Tolls Bill Clears Committee

For the first time since tolls were removed from the state's highways 32 years ago, a bill to put them back on the roads cleared the Transportation Committee on a party-line, 19-15 vote.

"We should have done this four years ago," said Rep. Tony Guerrera, the House Chairman of the Transportation Committee.

“Ten years down the road, when you see more roads being fixed, more bridges, more infrastructure, when it comes to rail, bus service whatever it may be, you’ll realize it was the right thing to do for the State of Connecticut," Guerrera said following the vote.

The proposal would authorize the regulation and construction of electronic tolls on the state's highways, using the revenue from those collections for infrastructure projects. The measure would also cut the state's gas tax by half of one cent each year for five years, once the tolls are installed. Further, Connecticut residents would pay less on the state's roads than out of state drivers.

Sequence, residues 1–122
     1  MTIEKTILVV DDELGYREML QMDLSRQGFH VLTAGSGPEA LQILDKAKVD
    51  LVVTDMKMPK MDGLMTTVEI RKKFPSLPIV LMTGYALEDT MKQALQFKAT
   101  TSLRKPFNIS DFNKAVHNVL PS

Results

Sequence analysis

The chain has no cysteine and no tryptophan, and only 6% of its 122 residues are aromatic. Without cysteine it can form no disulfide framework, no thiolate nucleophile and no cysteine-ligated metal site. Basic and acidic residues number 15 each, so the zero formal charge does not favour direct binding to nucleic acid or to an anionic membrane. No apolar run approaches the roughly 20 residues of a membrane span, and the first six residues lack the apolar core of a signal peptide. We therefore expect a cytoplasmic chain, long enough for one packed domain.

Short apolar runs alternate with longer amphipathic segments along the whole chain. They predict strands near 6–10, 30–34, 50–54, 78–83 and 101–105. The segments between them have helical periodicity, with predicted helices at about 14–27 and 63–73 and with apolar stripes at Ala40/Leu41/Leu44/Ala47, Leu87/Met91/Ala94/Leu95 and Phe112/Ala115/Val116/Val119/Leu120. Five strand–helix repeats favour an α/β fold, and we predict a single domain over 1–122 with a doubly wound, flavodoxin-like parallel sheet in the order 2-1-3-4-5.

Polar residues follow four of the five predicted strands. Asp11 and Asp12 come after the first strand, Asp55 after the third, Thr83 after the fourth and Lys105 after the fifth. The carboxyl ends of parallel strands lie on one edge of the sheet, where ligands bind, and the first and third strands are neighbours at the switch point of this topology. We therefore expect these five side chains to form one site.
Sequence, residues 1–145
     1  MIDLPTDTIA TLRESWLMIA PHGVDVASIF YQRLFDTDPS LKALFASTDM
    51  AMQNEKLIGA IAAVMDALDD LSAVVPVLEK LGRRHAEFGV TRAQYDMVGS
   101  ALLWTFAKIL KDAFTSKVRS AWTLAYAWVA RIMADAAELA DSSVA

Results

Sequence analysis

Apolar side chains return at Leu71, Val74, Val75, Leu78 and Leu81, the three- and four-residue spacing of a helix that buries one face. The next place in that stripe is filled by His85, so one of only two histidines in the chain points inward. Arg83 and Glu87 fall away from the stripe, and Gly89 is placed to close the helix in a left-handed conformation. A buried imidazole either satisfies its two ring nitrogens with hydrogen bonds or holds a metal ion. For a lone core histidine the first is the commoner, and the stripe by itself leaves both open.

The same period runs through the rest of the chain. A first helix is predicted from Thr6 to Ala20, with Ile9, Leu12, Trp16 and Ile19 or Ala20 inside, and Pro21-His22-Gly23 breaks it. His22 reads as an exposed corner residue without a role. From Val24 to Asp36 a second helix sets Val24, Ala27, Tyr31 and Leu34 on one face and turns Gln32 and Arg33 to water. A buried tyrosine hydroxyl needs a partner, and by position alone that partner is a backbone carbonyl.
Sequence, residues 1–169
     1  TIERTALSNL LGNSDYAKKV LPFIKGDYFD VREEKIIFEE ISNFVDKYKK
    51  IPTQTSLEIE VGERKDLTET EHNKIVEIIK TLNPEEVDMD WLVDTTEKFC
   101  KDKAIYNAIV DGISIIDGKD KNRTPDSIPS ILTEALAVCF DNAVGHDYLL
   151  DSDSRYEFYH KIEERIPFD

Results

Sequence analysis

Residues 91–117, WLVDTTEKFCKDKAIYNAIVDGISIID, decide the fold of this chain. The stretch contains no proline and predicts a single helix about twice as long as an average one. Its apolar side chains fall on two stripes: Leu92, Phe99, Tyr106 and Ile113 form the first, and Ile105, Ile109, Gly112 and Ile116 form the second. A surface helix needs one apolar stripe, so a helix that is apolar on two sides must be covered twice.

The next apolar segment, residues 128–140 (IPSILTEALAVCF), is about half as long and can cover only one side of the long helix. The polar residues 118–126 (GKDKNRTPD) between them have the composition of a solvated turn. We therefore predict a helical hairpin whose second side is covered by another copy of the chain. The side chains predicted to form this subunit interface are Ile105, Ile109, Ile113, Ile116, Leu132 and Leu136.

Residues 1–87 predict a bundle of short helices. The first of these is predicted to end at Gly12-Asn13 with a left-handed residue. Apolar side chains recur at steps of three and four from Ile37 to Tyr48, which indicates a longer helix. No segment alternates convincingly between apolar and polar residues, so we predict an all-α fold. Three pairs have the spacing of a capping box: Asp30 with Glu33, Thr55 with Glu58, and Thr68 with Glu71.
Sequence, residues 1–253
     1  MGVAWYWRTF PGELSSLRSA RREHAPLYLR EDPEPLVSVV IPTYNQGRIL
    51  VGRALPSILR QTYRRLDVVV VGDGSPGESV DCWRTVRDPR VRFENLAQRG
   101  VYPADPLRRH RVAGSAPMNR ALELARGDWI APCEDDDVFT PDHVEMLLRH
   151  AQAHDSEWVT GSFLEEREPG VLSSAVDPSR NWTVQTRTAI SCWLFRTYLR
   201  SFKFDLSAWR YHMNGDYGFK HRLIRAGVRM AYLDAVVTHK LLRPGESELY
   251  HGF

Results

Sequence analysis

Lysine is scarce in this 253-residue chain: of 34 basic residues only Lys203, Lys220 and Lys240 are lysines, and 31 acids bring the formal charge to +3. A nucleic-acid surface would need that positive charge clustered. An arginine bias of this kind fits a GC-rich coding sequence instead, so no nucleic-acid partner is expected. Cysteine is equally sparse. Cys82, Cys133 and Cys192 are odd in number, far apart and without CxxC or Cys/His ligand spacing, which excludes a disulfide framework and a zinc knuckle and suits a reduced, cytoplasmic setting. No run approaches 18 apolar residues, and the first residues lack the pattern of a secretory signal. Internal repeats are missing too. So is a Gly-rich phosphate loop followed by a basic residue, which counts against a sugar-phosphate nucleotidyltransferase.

"All of the reasons against this have been taken away," Guerrera added. He also pointed out how ther Office of Policy and Management now projects that the state's Special Transportation Fund is projected to be empty within the next five years.

Opponents to tolls have been vocal. They've argued since the beginning of the debate this year, and in recent years, that tolls are just a new tax on the middle class, who could least afford it.

Sen. Toni Boucher, the Senate Transportation Committee co-Chair, has advocated for a higher gas tax, and a better use of state bonding to pay for road and bridge projects.

“Connecticut has reached a point where it has taxed its residents to the hilt," Boucher said. "We’ve become an unaffordable state and this is just one more cost that especially our middle class has to bear when they get to work at rush hour, and that’s when they would tax them more as a toll," Boucher said. 

Tolls were removed from the state following a crash involving a tractor trailer that drove into a toll plaza, colliding with several cars, killing six people.

Even though the transportation committee approved the measure, it will likely be heard by another committee, likely Finance, Revenue, and Bonding, because any toll proposal would increase the amount of money the state takes in.

The legislative session ends June 7.

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